BOARDMAN, Ohio (WKBN) – With winter nights getting colder, many of you might want to start up your fireplace or woodstove. Before you do, you’ll want to make sure you’ve taken precautions to avoid a house fire.
If you haven’t had your yearly chimney cleaning yet, it’s a good idea to get that done before winter really sets in.
Lt. Joely Wharry with the Boardman Fire Department said it is one of the easiest ways to protect your home this winter.
“As the wood burns and puts off smoke, the smoke goes up through the chimney and there are still little particles in the smoke and that stick to the walls of the liner of the chimney,” Wharry said. “Over time, that just builds up. Eventually, it will catch fire inside the chimney.”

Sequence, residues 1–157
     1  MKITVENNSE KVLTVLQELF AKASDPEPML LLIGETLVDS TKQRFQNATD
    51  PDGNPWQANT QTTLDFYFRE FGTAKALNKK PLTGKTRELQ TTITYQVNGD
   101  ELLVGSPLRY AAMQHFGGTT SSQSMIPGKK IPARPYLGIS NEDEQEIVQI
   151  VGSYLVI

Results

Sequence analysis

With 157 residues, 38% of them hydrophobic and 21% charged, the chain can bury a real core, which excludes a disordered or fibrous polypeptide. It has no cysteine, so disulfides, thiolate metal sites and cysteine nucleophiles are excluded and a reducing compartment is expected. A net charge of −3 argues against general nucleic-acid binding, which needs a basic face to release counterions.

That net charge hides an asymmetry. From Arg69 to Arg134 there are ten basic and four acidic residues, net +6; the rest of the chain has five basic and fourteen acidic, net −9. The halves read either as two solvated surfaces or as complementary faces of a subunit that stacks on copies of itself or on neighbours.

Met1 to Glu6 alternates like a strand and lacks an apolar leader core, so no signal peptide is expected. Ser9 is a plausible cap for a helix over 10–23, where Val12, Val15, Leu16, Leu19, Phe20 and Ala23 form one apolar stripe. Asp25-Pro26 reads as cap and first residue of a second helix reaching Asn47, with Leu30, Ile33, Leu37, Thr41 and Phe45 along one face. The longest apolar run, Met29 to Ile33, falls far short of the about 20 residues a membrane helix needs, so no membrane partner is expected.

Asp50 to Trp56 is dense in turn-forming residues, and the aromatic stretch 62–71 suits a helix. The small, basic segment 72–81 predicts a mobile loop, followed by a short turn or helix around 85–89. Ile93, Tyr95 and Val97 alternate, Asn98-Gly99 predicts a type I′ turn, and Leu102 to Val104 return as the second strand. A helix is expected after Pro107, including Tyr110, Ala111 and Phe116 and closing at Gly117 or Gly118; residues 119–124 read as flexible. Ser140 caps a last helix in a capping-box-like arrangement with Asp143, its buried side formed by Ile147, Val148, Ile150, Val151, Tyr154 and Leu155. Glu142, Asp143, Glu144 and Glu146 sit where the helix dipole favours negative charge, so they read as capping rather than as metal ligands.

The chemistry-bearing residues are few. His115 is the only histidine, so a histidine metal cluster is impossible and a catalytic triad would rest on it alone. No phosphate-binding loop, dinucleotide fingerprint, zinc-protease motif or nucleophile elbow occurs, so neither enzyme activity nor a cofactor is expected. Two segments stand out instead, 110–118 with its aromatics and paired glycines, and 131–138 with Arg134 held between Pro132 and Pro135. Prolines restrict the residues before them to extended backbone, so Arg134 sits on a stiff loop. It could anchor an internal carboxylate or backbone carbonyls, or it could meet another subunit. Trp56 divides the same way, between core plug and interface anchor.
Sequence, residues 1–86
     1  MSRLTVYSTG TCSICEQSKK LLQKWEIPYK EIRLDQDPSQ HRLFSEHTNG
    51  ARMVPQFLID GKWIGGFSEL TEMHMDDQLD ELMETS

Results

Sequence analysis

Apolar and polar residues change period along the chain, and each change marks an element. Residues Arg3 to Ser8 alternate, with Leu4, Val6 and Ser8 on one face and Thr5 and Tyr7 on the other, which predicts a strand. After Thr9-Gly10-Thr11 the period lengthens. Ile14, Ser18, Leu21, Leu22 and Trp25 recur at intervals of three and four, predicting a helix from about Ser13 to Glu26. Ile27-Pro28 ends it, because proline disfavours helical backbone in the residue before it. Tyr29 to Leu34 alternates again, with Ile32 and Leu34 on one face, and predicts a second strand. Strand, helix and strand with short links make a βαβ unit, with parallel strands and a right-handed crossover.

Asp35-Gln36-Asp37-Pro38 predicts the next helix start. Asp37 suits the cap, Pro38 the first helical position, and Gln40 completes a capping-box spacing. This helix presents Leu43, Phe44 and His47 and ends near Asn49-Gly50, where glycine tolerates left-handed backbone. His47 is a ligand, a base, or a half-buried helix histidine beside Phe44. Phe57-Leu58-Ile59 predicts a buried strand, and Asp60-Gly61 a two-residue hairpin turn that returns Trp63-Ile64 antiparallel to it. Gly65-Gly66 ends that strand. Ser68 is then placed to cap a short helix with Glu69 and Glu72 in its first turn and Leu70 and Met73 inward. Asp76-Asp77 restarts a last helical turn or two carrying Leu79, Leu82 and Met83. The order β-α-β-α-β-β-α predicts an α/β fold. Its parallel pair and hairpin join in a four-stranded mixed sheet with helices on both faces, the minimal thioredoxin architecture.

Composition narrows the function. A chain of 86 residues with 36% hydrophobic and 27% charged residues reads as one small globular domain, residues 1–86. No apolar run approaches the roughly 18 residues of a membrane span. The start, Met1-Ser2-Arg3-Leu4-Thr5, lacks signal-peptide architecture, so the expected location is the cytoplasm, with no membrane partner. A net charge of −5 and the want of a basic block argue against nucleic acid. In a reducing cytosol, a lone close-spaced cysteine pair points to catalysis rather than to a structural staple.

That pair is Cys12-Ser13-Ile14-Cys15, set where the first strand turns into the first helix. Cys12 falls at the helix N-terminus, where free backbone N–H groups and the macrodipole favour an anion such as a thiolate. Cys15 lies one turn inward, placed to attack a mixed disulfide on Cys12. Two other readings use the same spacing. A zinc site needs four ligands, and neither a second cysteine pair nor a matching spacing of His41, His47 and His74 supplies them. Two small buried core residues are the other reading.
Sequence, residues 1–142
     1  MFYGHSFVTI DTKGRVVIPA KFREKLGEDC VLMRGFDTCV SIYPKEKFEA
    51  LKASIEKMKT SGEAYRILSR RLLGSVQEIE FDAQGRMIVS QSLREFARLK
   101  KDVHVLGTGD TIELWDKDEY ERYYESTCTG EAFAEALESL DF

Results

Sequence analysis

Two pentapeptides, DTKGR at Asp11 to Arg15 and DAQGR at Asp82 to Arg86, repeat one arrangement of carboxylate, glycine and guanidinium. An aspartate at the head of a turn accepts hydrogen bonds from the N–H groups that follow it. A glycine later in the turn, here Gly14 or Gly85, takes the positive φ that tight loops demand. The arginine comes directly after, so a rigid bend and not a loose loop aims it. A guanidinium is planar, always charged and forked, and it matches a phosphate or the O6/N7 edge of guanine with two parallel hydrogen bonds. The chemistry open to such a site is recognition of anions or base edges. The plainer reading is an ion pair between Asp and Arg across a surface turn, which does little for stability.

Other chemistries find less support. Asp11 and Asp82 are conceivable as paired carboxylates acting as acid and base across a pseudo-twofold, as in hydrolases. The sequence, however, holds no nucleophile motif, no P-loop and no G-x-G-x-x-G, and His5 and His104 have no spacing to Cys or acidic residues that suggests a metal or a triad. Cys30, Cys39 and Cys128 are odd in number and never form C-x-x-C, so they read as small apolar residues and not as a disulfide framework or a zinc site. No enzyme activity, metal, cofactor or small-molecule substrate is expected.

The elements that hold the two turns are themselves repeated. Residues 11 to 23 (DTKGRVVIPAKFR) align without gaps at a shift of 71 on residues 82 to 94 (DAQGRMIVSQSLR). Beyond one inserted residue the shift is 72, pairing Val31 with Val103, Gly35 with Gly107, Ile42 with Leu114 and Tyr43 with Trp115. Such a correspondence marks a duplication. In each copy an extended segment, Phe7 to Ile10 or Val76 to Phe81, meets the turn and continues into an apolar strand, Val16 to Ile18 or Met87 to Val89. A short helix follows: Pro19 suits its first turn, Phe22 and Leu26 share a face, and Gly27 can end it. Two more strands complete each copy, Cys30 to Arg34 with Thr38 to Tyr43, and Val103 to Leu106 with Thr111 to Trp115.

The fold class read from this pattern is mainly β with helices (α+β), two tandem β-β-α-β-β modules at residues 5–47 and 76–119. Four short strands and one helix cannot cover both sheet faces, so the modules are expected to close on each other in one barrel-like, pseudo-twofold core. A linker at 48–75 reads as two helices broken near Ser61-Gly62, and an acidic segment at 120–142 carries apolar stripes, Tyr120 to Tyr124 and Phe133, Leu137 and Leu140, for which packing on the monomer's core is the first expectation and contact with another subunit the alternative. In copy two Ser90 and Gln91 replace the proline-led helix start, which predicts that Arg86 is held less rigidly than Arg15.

That buildup causes an estimated $18,000 chimney fires annually, according to the U.S. Consumer Product Safety Commission
“That’s actually what catches fires is the buildup. It’s called creosote inside the chimney,” Wharry said.
Creosote is a kind of soot. Experts say as the soot rises in the chimney and interacts with the moisture and cold it hardens, restricting airflow. Wharry said once it restricts the exhaust of the fire, that can cause a backup of carbon monoxide in your home as well as smoke.
“They’re pretty violent fires. They’ll shoot flames 10 to 20 feet out of your chimney,” Wharry said.
Firefighters advise against using your fireplace to dispose of trash. The only thing you should burn in it is wood.
“Dry, seasoned hardwoods. You don’t want to burn any pine, any treated or patined wood, wrapping paper or your Christmas tree,” Wharry said.
Burning wrapping paper in your fireplace can produce toxic fumes and dangerous fires from the ink.